Prior to September of 1997, roleplayers spent their time in games like Dungeons and Dragons and Multi-User Dungeons (MUDs). AOL really had it going on with Neverwinter Nights, and along with two other games, The Realm Online and Meridian 59, had deftly created a new realm for roleplayers to interact in and with. However, it was in September of 1997 when the new computer gaming genre now known as MMORPGs hit the world stage with a game called Ultima Online.

As the year 2009 kicks off, MMORPGs are now perhaps the most popular computer gaming genre available. Possibly hundreds of MMORPGs are on the market, and probably a like number have come and gone since 1997. There is one that remains from that early era, one that still holds a wealth of roleplaying fun and potential among the plethora of vastly more popular MMORPGs, and one that will soon be getting a new expansion - Ultima Online.

So, what could possibly entice today's roleplayers to care anything about a game that's over ten years old? I'm glad you asked. Yes, WoW and Lotro and others do make for some excellent roleplaying fields upon which to play, but they also currently hinder roleplaying to some degree. As an ambassador for roleplaying, I feel it is a duty to show that MMORPG roleplaying did not start with WoW, which seems to be a major point of knowledge missed by a vast amount of roleplayers and roleplaying computer game makers today. In order to do that, I want to help expand minds by looking at history and future, and Ultima Online is just one of those games that has and still offers great roleplaying. If that's not enough, take these bullet points into account:

You can quickly travel anywhere you wish from the moment your character first goes live.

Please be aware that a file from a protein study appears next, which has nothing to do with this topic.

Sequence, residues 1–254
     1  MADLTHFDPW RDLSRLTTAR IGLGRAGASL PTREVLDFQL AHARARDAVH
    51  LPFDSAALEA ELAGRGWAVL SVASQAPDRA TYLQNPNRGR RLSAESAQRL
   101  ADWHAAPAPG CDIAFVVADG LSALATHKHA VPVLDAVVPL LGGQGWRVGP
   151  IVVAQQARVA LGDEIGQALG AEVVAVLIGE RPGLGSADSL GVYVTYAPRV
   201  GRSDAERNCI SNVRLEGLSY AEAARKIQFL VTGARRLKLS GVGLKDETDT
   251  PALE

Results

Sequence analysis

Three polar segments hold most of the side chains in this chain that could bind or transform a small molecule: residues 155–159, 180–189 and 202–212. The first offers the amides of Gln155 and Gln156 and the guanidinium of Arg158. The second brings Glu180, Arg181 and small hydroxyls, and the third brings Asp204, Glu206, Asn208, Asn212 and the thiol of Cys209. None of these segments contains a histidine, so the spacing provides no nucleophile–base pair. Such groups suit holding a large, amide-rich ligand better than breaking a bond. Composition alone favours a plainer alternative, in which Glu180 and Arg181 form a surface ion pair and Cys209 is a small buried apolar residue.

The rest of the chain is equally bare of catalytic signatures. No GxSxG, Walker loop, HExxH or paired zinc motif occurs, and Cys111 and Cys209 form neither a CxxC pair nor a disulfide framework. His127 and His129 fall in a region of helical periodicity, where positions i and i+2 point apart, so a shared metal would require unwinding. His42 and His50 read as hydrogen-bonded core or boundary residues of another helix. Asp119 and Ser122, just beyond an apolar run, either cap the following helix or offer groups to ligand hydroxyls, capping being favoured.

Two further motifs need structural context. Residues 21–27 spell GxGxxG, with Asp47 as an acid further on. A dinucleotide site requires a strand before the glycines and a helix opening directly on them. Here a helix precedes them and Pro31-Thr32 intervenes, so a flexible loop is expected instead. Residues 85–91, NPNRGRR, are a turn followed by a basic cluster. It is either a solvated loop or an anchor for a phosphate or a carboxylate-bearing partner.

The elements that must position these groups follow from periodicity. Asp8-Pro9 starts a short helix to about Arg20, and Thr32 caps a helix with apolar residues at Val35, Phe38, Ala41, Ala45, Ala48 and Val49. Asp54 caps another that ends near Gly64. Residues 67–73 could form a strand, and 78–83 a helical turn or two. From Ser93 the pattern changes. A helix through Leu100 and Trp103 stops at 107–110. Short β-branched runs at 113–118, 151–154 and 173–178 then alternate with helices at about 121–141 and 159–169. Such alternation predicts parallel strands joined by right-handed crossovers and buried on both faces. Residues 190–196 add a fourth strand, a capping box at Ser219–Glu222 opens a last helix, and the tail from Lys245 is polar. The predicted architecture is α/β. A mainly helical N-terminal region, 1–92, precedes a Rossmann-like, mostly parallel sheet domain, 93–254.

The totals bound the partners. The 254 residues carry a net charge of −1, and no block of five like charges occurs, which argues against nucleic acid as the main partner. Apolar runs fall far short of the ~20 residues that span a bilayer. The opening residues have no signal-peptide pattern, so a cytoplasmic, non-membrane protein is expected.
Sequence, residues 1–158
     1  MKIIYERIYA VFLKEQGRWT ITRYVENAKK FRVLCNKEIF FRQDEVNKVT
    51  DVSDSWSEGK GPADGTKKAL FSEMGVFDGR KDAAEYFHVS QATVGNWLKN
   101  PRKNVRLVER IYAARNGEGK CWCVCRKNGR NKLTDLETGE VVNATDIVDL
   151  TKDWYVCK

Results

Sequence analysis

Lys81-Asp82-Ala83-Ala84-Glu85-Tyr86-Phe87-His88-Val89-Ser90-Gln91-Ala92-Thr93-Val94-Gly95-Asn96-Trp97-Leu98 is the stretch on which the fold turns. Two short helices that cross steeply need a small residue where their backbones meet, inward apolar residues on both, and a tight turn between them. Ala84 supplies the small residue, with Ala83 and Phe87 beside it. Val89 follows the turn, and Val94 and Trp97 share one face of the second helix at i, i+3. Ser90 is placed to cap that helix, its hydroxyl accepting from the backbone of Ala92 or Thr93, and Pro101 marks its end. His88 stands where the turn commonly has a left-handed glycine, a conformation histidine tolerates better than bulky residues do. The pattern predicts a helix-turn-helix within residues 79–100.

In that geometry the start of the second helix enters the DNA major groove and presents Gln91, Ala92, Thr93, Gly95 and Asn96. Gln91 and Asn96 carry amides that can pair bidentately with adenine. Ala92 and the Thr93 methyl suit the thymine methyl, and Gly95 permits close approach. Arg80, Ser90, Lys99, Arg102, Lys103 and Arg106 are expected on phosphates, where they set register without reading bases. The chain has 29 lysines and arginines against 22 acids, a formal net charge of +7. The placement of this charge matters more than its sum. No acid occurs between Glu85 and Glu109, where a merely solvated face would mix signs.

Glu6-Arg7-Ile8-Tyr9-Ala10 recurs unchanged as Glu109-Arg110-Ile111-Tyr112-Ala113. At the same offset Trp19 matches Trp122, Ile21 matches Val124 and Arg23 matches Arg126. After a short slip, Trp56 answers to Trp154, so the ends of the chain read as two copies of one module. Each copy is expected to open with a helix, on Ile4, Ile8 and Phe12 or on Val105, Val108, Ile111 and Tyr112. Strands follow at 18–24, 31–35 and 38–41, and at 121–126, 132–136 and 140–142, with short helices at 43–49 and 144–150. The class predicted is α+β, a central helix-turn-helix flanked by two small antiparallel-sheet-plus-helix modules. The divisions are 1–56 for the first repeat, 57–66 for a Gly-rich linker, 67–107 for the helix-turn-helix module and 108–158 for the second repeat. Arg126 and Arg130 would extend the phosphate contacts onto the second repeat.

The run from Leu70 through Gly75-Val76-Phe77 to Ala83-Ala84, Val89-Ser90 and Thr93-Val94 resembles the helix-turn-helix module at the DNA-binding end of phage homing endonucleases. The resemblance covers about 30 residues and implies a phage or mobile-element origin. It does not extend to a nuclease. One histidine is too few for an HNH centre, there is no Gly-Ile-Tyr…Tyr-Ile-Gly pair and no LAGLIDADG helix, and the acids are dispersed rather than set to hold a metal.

Roleplay an alchemist, lumberjack, healer, and other non-combat professions without ever once having to know anything about swinging a sword or casting a spell.
You can own your own business, complete with a building and NPC assistants.
Hair, clothes, armor, and weapons may all be dyed or crafted in the colors of your choosing.
Boats and ships!
Roleplay in an ancient Japanese-styled atmosphere available.
Actual roleplaying towns, inhabited by actual roleplayers. No smacktards allowed!

Elizabethan language is actually an acceptable manner of speech!
Gargoyles, coming soon. How cool is that?

Did you happen to set any New Years' resolutions in regards to your roleplaying game time? If not, here's one I suggest: try out Ultima Online, even if it's only the 14-day trial period. If you don't like it, hopefully you'll learn some new aspects of RP that you can take back to the game you do roleplay in.

Say you do like your time with UO, or are coming back to it, and want to know where to find current rolelpaying information. Where do you go? Again, glad you asked, that's why I'm here. I have just the websites you're looking for, so read on.

My first recommendation is to start with the lore of UO. Like WoW, UO first came to be known via a series of single-player computer games, which set down the lore and history for the MMORPG. Unlike WoW, which only had three major games before becoming a MMORPG, UO's history is spread through nine games. I would certainly wish that you would play all nine, since they are some of the best computer games ever made. Well, with maybe the exception of Ascension, but I'll not get into that here. Also note that they are much older games than Warcraft, and if you can find and acquire them all, count yourself fortunate. However, do not fret if none of that is possible or desired.

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categories: 3d, fantasy
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categories: 3d, fantasy
categories: 3d, fantasy